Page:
Paul Smith writes:
At 09:53 14/09/2005, Arnt Gulbrandsen wrote:
Our fast host rejects most spam, quickly about it, and forwards mail
locally via LMTP. The LMTP server may take an awfully long time to
accept mail, but that isn't a problem, because we've configured its
only client to be generous about timeouts.
But, in effect, that's an 'accept and bounce later' system.
Nope. It rejects about 99.6% of spam messages. The remaining 0.4% are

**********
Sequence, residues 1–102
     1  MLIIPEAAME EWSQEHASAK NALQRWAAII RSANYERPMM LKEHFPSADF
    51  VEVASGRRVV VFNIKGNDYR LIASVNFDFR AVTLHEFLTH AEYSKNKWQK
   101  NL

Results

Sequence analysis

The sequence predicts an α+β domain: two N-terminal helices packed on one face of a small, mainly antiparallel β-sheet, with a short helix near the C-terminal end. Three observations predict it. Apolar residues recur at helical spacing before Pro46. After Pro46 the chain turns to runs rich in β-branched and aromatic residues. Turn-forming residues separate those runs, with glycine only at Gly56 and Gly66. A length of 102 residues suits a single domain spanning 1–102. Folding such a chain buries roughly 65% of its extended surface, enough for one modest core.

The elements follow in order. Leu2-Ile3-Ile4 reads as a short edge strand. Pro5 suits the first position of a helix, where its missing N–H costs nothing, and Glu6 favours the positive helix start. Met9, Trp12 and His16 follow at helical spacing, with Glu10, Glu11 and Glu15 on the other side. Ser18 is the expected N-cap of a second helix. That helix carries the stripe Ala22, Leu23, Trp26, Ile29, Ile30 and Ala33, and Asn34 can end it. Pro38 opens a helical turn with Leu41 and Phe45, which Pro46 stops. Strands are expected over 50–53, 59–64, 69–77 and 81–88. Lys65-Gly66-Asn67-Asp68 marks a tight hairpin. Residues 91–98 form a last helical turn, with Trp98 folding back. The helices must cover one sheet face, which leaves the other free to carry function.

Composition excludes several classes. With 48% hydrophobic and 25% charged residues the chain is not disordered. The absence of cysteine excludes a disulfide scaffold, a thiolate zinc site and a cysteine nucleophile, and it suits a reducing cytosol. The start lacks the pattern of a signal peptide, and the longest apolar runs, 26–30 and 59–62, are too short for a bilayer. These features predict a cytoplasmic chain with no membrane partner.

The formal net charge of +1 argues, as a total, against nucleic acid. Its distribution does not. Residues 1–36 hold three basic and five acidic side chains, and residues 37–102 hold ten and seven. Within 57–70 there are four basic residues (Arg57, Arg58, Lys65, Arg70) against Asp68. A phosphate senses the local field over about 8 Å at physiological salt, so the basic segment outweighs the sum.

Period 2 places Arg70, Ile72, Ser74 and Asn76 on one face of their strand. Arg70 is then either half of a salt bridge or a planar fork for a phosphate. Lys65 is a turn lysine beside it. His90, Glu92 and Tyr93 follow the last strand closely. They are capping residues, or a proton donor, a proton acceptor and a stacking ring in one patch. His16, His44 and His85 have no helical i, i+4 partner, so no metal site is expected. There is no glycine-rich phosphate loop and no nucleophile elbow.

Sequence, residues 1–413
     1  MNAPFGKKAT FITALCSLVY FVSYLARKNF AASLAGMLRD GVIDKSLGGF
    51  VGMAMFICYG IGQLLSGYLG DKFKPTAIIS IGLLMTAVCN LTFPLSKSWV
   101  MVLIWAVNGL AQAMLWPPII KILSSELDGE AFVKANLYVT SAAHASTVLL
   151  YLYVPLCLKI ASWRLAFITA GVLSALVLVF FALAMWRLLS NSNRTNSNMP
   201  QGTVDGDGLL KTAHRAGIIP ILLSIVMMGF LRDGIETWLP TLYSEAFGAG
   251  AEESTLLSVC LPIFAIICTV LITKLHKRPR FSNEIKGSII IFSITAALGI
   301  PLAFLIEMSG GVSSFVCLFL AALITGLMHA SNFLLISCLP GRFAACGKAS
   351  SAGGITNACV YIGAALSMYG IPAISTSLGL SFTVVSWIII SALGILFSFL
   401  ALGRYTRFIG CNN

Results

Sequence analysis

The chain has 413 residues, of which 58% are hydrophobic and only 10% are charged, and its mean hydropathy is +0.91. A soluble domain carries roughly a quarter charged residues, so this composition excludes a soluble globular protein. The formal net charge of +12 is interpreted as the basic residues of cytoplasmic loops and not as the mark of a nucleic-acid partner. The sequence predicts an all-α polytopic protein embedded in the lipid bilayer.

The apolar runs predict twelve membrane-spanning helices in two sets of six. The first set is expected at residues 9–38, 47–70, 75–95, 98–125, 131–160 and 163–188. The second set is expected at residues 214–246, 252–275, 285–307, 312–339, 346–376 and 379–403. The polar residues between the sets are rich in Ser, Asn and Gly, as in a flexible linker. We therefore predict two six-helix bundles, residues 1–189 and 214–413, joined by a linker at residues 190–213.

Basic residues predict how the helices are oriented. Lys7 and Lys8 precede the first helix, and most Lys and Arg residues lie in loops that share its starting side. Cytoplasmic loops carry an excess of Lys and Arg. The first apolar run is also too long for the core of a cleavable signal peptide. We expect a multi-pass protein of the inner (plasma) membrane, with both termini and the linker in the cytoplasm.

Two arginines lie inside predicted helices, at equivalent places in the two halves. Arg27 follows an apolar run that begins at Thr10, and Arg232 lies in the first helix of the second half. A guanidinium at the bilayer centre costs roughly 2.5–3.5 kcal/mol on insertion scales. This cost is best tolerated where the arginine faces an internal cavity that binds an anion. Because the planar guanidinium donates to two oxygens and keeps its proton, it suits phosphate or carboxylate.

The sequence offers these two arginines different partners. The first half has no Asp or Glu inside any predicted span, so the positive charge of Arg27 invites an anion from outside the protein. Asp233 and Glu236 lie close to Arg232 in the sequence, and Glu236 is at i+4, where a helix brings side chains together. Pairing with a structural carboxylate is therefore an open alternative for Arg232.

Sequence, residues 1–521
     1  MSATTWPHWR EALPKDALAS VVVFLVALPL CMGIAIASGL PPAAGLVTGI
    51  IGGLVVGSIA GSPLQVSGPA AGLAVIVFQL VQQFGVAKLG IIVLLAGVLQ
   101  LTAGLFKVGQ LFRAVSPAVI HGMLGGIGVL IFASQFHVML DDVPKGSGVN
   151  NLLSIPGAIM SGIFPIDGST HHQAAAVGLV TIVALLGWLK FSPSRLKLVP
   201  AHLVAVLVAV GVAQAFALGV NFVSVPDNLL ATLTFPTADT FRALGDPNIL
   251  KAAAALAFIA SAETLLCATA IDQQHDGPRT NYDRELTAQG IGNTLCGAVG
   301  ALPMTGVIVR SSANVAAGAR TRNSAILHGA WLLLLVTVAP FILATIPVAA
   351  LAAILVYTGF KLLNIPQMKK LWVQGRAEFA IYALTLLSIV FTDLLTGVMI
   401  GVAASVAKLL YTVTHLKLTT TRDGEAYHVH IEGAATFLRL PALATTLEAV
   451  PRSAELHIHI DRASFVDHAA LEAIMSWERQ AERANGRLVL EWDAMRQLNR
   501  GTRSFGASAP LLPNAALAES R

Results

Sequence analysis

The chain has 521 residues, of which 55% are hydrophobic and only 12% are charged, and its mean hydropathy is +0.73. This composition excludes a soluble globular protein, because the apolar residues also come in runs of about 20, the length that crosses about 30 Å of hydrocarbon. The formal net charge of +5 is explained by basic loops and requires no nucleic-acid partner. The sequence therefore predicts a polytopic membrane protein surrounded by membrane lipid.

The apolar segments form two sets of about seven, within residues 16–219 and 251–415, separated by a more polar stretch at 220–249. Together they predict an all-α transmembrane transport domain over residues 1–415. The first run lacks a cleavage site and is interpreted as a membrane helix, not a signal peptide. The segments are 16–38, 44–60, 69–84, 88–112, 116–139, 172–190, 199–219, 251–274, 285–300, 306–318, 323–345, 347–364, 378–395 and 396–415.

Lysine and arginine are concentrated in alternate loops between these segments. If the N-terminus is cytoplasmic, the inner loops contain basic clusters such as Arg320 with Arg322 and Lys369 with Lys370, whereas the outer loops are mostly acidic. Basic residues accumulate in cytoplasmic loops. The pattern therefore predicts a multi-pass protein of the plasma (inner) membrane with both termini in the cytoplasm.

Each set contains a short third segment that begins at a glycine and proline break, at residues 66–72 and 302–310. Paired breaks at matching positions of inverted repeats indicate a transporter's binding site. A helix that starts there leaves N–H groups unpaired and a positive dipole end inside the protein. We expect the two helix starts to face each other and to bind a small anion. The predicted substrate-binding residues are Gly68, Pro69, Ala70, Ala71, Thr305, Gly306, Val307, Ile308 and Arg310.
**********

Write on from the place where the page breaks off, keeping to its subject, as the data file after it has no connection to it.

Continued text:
accepted. (Those 0.4% aren't actually bounced in our setup, but for the
sake of argument, let's pretend they are.)
Everyone here seems to be saying that's a bad thing :) (faked sender
email addresses etc)
Surely, if you're going to be able to reject a message at any time,
you should do it at the initial entry point so that faked sender
email addresses have less impact.
As long as you reject the vast majority of them at the initial entry
point, the rest doesn't matter. It's an annoyance, but not significant.
So you can e.g. accept the mail after ten seconds, if you haven't found
a reason to accept or reject before then.